A: Not at all. People tend to overreact about traffic. If you look at events we do in Naperville on an ongoing basis like Last Fling or Ribfest; those events put 250,000 to 300,000 people in our downtown over a four-day period, and we seem to be able to handle it just fine. Water Street isn’t going to generate anything near that. When the Fine Arts Center was built at North Central College, everyone talked about traffic, but it hasn’t affected traffic really at all, and it is a great addition to our town.
Q: You’ve shared your concerns before about a perception that nightlife in Naperville is out of control. What are your thoughts, especially after being a landlord for BlackFinn?
A: There is a misconception that downtown is a free-for-all, but most people would be surprised to hear downtown Naperville has the same number of liquor licenses it did in 2007. Business is down from 2004 to 2007, when Naperville was the hottest place to go. I think places have their cycle. When I was growing up, it was Schaumburg. Two things have changed. One, the economy. With the crash, everyone saw a dip in sales. I also think back in that day there was no competition south and west of us. If you lived in Montgomery or Oswego, there wasn’t a lot to do, and Chicago is far away. People were coming to Naperville because you could go to 20 or 30 places. Today there has been a lot more development in those areas. People don’t have to drive as far to go out.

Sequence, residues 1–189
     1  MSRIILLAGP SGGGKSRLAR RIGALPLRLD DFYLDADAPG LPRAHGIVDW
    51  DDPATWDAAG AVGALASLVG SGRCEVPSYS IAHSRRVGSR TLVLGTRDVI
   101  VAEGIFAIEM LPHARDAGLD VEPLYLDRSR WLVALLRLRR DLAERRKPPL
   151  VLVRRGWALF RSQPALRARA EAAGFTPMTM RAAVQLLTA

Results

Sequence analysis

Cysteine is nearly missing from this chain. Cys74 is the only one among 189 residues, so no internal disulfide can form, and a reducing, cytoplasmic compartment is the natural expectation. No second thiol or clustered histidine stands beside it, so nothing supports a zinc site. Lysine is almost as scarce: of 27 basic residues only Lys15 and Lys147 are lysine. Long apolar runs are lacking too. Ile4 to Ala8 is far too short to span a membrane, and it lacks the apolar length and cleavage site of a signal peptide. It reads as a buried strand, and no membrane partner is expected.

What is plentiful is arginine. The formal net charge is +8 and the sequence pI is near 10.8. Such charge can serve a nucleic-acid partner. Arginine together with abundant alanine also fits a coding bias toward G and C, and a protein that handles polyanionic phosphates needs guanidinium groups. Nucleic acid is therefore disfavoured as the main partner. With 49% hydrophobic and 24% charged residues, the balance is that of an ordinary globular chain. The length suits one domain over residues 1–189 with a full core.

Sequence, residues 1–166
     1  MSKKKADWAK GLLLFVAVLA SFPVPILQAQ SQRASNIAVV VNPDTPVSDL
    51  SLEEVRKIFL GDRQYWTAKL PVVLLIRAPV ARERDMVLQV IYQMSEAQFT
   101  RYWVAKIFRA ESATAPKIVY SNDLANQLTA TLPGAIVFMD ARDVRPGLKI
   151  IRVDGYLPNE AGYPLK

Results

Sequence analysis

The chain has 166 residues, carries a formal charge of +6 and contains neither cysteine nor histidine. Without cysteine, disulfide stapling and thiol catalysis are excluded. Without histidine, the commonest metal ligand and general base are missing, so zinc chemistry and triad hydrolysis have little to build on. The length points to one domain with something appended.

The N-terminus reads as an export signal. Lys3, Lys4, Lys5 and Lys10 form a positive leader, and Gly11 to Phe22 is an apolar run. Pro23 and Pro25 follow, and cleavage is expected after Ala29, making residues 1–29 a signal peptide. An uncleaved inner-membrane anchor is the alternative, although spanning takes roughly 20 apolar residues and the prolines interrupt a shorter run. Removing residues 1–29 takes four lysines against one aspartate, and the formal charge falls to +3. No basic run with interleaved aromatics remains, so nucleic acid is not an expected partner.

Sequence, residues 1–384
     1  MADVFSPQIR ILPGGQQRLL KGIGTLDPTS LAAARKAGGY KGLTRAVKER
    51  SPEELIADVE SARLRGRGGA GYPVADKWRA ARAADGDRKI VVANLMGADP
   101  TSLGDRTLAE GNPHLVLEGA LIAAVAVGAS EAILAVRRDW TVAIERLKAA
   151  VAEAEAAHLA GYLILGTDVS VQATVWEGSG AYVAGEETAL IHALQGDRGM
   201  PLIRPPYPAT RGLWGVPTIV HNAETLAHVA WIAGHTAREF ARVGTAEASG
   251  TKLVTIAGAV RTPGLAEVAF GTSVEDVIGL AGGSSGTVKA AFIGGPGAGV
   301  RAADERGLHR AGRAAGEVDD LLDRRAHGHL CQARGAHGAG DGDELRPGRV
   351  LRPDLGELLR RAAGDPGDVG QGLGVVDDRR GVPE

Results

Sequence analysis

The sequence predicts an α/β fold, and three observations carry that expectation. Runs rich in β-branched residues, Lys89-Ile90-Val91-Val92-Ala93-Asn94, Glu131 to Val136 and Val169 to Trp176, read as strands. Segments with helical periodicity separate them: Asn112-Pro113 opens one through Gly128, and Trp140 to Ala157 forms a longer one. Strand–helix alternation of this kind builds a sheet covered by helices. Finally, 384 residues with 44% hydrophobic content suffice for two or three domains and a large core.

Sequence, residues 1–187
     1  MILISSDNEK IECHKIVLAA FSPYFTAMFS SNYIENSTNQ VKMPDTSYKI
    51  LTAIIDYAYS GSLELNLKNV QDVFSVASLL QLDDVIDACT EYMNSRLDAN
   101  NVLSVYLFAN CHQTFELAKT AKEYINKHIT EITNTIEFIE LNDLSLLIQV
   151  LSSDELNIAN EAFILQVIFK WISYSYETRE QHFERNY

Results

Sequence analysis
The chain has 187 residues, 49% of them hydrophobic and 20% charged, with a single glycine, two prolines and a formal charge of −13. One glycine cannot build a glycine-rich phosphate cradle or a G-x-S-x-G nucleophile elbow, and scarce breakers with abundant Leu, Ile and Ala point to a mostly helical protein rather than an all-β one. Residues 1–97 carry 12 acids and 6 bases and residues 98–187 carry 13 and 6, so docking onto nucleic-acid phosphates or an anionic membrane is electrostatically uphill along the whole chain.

Q: What about the violence downtown and at BlackFinn?
A: The fact that there is activity going on almost 24 hours a day does create situations you have to manage. Look at how many people we run through downtown on any given Friday or Saturday. The small amount of incidents we have … there are certain things you will never be able to avoid. The Naperville Police Department does a great job downtown with their presence.
We (business owners) do work hard to create a good environment downtown. We’re currently meeting as restaurant owners and putting together common-practice policies and procedures to get everyone on the same page. Each time a situation comes up, it requires some heads in a room to see what we can do to prevent it from happening in the future. We do that a lot.
As business owners in downtown Naperville, we live or die by the perception of what downtown is. We want that safe, fun environment, and we are constantly working on improving that.